Pregnancy and Postpartum


I was interviewed by Dr Rebecca Weber on World Radio Switzerland’s Kids in Mind programme about the postpartum period. To listen to these interviews, click on the links below:

Program 1: Parent-Infant Therapy – where’s a good place to start?

Program 2: Parent-Infant Therapy – what babies do and need

Program 3: Parent-Infant Therapy – threats to attachment

Program 4: Parent-Infant Therapy – when early intervention is needed


Becoming a parent represents a moment of profound change: “I am the same person I was before, and yet I am fundamentally different”.

I am a psychological counsellor, trained in the UK and USA, who specializes in work with parents and their infants in the postpartum period. I work with parents regardless of gender, sexuality or family composition.


The transition to parenthood is a period of major change and adjustment. Moving from being an individual to a parent of a dependent baby can stir up feelings of loss, anxiety and responsibility. 

In many cultures, new parents are surrounded by an idealized view of parenthood which involves self-sacrifice and unadulterated joy. There is little room for more complex feelings in relation to becoming a parent, such as sadness, resentment or anger. Without making space to acknowledge these feelings, parents can be left feeling guilty and ashamed, and as if they are ‘bad’ parents.


Postpartum mood and anxiety disorders are the number one complication of birth, but women and their partners are not always provided with the support needed to manage and treat these symptoms. We know that, globally, anything from 1 in 7 to 1 in 4 women experience mood and anxiety disorders in pregnancy and postpartum. And men do too. We also know that these statistics are likely an underestimation. Often postpartum depression and anxiety goes unreported and untreated.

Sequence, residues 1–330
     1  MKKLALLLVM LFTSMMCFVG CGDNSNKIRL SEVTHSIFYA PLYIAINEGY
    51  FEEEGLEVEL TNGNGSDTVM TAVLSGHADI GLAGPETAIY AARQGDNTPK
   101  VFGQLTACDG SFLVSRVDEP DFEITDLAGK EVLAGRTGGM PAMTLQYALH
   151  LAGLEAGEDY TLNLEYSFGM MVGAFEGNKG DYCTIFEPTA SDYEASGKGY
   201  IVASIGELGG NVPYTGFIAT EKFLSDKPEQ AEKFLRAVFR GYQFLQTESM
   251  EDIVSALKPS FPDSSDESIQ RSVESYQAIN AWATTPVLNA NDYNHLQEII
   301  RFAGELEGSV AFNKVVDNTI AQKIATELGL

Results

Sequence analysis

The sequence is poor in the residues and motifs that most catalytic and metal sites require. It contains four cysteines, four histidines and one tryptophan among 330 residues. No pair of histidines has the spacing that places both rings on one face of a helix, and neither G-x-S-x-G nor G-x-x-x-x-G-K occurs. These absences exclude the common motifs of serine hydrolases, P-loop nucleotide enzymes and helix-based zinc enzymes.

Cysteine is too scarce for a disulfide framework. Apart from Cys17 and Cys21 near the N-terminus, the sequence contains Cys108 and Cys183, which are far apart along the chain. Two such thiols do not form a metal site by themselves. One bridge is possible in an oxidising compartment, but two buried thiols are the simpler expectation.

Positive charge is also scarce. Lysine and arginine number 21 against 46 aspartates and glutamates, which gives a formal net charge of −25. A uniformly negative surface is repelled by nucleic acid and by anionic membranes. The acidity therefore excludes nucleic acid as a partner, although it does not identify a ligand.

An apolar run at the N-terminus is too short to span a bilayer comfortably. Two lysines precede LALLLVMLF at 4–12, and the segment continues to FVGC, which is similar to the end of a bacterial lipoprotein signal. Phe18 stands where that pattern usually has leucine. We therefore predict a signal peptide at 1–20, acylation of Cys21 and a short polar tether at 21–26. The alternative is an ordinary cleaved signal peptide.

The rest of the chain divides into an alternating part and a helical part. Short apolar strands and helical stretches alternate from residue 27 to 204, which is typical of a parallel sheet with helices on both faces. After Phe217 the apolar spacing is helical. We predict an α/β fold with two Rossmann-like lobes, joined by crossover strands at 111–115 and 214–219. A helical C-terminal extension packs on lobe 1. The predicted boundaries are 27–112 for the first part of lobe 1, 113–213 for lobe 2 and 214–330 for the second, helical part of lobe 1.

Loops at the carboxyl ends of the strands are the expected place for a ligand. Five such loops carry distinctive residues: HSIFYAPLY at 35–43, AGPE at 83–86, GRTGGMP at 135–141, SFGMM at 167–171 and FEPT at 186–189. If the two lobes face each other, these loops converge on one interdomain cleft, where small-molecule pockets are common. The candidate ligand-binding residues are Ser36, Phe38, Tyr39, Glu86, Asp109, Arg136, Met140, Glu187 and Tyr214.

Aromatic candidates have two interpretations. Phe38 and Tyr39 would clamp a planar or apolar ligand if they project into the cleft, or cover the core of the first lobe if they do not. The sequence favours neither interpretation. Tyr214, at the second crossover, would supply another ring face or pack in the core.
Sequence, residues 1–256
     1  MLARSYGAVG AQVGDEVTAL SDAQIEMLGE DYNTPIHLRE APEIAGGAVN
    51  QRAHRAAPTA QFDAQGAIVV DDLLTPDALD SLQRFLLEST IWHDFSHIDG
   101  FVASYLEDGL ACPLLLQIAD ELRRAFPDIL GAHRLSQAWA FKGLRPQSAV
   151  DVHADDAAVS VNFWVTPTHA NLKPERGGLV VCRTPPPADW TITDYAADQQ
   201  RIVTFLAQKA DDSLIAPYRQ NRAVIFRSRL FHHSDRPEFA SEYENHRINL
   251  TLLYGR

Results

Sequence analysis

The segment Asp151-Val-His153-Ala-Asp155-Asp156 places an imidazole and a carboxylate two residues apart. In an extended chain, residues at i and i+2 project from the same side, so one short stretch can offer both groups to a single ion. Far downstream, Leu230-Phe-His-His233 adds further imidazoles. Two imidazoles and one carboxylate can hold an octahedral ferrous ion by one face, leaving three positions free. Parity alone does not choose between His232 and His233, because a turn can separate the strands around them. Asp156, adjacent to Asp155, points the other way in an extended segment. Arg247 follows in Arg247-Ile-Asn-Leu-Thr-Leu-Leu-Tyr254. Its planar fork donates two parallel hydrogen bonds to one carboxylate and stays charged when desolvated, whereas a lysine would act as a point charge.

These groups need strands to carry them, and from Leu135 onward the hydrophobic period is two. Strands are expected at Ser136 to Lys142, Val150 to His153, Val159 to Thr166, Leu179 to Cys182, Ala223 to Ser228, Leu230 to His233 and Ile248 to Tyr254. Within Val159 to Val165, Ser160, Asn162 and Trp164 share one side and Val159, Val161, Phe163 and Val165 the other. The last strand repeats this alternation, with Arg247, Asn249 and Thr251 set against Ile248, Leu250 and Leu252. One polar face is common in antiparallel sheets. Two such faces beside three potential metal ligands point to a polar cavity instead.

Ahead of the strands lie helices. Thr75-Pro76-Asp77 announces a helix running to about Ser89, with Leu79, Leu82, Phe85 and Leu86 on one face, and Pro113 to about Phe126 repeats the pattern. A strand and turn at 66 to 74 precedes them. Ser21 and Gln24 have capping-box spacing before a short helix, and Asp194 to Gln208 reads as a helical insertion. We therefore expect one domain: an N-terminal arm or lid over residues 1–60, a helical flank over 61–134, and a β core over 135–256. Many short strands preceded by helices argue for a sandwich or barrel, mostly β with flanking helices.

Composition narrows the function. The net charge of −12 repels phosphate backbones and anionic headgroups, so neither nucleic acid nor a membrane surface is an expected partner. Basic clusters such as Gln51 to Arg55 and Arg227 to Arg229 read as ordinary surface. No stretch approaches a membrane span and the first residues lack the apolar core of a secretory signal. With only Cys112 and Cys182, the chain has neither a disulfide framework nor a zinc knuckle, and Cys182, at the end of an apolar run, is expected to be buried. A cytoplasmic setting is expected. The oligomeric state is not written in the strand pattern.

In a city like Geneva, with a high proportion of people living far from their country of origin and wider support networks, in the aftermath of the Covid pandemic, one would expect rates of postpartum depression and anxiety to be equal to or higher than global averages.

parent-INFANT Therapy

Parent-infant therapy is a form of counselling for antenatal and postpartum depression and anxiety which places the relationship between the baby and the primary caregiver in a central position to the therapy. It also draws on our growing body of knowledge around the importance of the early years for human development.

I meet on a weekly basis with a parent-to-be or parent(s) and baby anytime during pregnancy or in the first year of the baby’s life. I offer a rolling 12-week model of parent-infant therapy and often work in collaboration within a wider support network (midwives, lactation and sleep consultants, psychiatrists, psychologists, psychotherapists, pediatrician, trauma specialist).

Parent-infant therapy is indicated where a primary caregiver or infant is suffering from emotional distress and it is impacting their relationship.

Emotional distress could be defined as or precipitated by the following:

  • Parental emotional distress presenting as perinatal anxiety or depression
  • Presence of trauma history or traumatic pregnancy or birth
  • Presence of parental disruptions in early attachments which might be impacting relationship with baby
  • Presence of external stressors impacting the family (e.g. lack of support network, dislocation, culture shock, language difficulties, wider societal threats e.g. pandemic)
  • Infant prematurity
  • Infant illness
  • Infant distress related to feeding, sleeping or regulation


What next?

I am always happy to speak more about my experience, my approach, and my ethical practice. Please just ask me.

If you would like to know more about working with me, I would usually suggest an initial consultation session in which we can explore what brings you to therapy now, and for you to meet me and get a sense of how I work. During this initial consultation, we can decide together which form of treatment makes most sense given what you are presenting with. If we do decide to work together, we would meet on a weekly basis at the same time each week.

Please contact me here for more information.


Fraiberg, S. et al. (1980). Treatment Modalities. In S. Fraiberg and L. Fraiberg (Eds.), Clinical studies in infant mental health: The first year of life (pp. 49-77). New York: Basic Books

Paris, R., Spielman, E. and Bolton, R.E. (2009). Mother-Infant Psychotherapy: Examining the Therapeutic Process of Change. Infant Mental Health Journal, 30(3), 301-319

Spielman, E. (2002). Early connections: Mother-infant psychotherapy in support of perinatal mental health. Zero to Three, 22(6), 26-30

Weatherston, D. J. (2000). The Infant Mental Health Specialist. Zero to Three. October/November 2000